LITTLE ROCK, Ark. (AP) — An Arkansas state senator won’t have access to Senate offices and can’t participate in legislative meetings after the Senate on Tuesday ruled he made a frivolous ethics complaint against a fellow lawmaker in retaliation for sanctions he received earlier this year. By a 26-4 vote, the majority-Republican Senate approved its […]
Arkansas senator suspended over filing frivolous complaint
LITTLE ROCK, Ark. (AP) — An Arkansas state senator won’t have access to Senate offices and can’t participate in legislative meetings after the Senate on Tuesday ruled he made a frivolous ethics complaint against a fellow lawmaker in retaliation for sanctions he received earlier this year.
By a 26-4 vote, the majority-Republican Senate approved its ethics committee’s recommendation to suspend GOP Sen. Alan Clark for the rest of the 93rd General Assembly, which ends on Jan. 8.
The Senate earlier this month rejected a complaint Clark had filed against Democratic Sen. Stephanie Flowers accusing her of improperly receiving per diem payments for legislative meetings she attended via Zoom.
The ethics panel ruled that Clark had filed the complaint as retaliation after the Senate stripped him and another lawmaker of their leadership posts after Clark sought reimbursement for a meeting he didn’t attend.
“The committee felt that the comments and actions of Senator Clark, including bringing these ethics petitions for the purpose of retaliation, were bringing dishonor and disruption to the institution of the Senate,” Republican Sen. Kim Hammer, who chairs the ethics committee, told senators before the vote.
Clark didn’t attend Tuesday’s proceedings, citing a long-planned trip with his family and said his attorneys would not have been able to attend. The lawmaker accused the Senate of punishing a whistleblower with its vote.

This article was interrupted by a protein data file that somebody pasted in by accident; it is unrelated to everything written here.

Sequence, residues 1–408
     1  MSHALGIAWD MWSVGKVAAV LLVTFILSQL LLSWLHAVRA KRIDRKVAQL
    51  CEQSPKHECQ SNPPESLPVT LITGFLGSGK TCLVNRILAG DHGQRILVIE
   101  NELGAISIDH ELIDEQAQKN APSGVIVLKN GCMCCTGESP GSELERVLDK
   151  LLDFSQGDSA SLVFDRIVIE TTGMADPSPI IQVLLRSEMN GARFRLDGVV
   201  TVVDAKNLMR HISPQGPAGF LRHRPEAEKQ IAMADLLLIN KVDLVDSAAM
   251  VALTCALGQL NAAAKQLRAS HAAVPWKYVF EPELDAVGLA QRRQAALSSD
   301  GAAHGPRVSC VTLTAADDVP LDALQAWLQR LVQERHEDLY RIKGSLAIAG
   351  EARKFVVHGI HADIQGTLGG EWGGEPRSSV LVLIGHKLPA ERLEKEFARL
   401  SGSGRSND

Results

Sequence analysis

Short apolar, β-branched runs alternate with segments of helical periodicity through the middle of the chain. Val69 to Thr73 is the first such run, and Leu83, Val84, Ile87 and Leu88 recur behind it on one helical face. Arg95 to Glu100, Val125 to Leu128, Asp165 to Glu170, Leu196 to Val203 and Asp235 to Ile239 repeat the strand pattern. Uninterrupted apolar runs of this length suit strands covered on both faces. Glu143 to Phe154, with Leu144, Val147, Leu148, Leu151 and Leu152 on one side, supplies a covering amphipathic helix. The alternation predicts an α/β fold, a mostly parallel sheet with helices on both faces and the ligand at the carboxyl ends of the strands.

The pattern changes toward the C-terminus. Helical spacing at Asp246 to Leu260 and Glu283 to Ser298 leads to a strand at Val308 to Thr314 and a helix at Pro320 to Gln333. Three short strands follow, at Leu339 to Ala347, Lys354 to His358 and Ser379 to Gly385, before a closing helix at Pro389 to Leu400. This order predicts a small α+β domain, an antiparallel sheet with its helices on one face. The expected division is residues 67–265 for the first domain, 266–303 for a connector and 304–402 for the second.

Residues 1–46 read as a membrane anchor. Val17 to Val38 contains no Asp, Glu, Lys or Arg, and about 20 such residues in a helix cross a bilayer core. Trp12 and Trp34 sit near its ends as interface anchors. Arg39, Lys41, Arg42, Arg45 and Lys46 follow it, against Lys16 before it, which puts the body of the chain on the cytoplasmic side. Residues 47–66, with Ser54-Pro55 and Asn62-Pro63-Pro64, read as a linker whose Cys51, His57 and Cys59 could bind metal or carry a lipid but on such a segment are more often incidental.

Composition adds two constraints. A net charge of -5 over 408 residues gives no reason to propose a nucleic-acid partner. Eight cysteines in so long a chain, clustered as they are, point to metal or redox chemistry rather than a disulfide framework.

“How can we be expected to fight corruption and wrongdoing in government if we can’t reveal and stand against our own questionable behavior?” Clark said in a statement via text message. “I am saddened for this body that I love, more than anything else.”
Rules the Senate adopted during the coronavirus pandemic allowed members to participate remotely, but not receive per diem funds. Flowers had not requested the payments and repaid the money in August after she realized she had received them because of a clerical error, the ethics committee found.
The ethics committee cited comments Clark made before filing the complaint on social media and a picture that circulated of him wearing a scarlet “E” — similar to the scarlet “A” worn as punishment for adultery in Nathaniel Hawthorne’s The Scarlet Letter — at a Republican Party event after he was sanctioned by the Senate.
The vote came after nearly three hours of contentious debate, with defenders of Clark criticizing the Senate for taking up the ethics charges without him present. Legislative leaders noted that other lawmakers had made time for the Senate’s proceedings, despite work and other obligations.
Republican Sen. David Wallace, who voted to suspend Clark, at one point complained about the drawn-out debate over the Senate’s ethics procedures.
“We’re tripping over mouse turds right now,” Wallace said.
The suspension means Clark loses access to Senate offices and resources, including his email account, and won’t be able to participate in legislative meetings except for organizational meetings for the next General Assembly. The Senate also voted to recommend to the next General Assembly that Clark lose his seniority.
The vote marks the first time a senator has been suspended under a 2018 overhaul of the Senate’s ethics rules that were enacted after several lawmakers were implicated in a federal corruption probe.
After suspending Clark, the Senate also voted to change its rules to require that an ethics complaint be filed by at least three senators, rather than just one.